Single sign on¶
The most asked question for Bargate is “Does it support SSO?”. By this it is meant can you logon to bargate with an existing SAML token or CAS token or similar. The short answer is no. This page serves to explain why, and how bargate uses the password given to it.
Bargate is essentially a CIFS to HTTP gateway. It authenticates to CIFS servers as the user who is logged in and with their password. It does this by encrypting the user’s password upon logon and storing it in the user’s session (which is signed to prevent tampering) in the browser (via a cookie).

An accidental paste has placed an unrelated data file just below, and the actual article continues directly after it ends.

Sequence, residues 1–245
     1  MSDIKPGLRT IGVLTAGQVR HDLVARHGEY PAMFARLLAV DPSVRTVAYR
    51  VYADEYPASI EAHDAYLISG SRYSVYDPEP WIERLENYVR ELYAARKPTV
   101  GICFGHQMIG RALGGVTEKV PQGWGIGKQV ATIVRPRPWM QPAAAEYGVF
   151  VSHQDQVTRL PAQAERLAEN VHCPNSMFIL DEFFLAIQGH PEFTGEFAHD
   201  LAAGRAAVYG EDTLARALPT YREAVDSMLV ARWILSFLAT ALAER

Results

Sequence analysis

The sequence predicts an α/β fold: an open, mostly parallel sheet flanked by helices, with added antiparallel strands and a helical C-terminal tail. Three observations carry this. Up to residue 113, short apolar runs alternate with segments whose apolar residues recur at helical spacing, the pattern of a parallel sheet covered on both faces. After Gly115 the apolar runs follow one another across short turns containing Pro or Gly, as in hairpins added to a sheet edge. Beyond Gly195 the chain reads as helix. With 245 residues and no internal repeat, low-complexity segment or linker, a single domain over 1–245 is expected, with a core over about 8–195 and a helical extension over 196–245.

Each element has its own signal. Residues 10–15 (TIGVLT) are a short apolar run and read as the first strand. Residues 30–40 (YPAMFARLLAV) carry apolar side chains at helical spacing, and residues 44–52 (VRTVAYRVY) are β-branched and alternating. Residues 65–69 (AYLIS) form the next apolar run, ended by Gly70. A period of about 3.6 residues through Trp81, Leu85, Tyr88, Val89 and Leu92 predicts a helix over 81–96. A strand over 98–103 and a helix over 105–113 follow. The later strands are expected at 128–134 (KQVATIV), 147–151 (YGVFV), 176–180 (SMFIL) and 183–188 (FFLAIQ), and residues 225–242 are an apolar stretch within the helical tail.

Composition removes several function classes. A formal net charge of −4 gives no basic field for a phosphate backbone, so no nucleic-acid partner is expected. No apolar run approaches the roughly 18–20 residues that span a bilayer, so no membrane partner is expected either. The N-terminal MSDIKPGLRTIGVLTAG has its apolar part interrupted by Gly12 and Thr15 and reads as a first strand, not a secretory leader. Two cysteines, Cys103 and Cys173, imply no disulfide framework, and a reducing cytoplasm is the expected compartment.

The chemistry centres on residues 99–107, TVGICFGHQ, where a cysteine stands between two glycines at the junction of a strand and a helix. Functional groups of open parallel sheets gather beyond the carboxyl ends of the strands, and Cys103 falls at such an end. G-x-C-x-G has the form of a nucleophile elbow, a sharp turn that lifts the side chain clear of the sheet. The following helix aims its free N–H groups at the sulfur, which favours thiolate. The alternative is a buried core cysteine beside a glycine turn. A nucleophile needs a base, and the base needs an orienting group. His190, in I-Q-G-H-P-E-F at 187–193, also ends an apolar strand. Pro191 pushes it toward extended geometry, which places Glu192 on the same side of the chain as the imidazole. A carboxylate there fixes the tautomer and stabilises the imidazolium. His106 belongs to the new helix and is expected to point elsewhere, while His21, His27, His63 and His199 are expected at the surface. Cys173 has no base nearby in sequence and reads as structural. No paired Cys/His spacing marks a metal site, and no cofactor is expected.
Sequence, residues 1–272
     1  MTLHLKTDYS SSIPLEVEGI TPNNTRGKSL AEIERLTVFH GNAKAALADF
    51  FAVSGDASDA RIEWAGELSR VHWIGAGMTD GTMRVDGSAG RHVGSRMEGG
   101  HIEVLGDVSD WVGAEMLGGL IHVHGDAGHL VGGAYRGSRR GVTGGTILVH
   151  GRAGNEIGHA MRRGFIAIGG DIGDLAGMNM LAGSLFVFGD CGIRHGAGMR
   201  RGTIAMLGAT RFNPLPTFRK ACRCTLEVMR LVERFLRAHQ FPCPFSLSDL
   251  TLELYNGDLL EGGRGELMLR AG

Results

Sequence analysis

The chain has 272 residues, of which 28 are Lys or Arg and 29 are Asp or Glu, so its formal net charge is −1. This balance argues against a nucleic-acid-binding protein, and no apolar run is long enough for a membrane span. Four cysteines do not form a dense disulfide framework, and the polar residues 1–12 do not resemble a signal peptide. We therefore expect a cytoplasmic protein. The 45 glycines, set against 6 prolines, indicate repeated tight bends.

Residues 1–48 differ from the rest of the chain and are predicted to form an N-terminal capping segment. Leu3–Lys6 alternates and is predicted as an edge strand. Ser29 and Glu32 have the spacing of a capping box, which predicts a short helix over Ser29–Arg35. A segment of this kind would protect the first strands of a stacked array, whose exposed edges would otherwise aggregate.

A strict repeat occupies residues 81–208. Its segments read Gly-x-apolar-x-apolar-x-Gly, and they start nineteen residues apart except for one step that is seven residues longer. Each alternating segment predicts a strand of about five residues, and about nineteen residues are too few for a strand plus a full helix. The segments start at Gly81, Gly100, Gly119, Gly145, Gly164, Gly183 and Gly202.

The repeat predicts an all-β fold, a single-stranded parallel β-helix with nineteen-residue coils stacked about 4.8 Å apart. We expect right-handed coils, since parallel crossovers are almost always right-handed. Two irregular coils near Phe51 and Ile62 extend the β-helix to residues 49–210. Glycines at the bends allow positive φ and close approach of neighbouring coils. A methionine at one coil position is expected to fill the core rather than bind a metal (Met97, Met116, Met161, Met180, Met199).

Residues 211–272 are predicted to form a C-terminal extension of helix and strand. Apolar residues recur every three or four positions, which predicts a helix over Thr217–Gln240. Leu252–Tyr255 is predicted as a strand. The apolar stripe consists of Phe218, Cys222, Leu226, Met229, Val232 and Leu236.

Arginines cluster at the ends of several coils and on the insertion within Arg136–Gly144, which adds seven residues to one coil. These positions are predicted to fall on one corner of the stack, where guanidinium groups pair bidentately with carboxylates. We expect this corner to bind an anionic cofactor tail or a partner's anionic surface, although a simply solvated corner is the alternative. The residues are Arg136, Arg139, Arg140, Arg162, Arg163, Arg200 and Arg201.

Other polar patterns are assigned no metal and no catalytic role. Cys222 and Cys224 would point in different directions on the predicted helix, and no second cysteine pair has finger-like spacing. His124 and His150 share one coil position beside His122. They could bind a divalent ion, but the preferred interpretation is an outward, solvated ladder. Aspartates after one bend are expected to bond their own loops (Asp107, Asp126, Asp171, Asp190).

Since Bargate talks to CIFS servers it must authenticate using CIFS authentication methods. At present this is either password (via NLTMv2/NTLMSSP) or Kerberos (SPNEGO). So we have to send the password to the CIFS server, or use a kerberos ticket.
The latter isn’t an option for two reasons. First of all Bargate is designed for users away from the corporate network - thats why it was written. Away from the corporate network, and on devices not configured by central IT, Kerberos isn’t an option (thats why SAML exists).
Sadly, this means Bargate still needs your password. Long term the idea is to switch to using websockets, and thus remove the need to store a password on the client, but it will still need the password for the initial connection.
A limited form of ‘Single Sign On’ is being prototyped by the University of Sheffield where a central portal maintains a copy of the user’s password and is thus able to sign the user into bargate.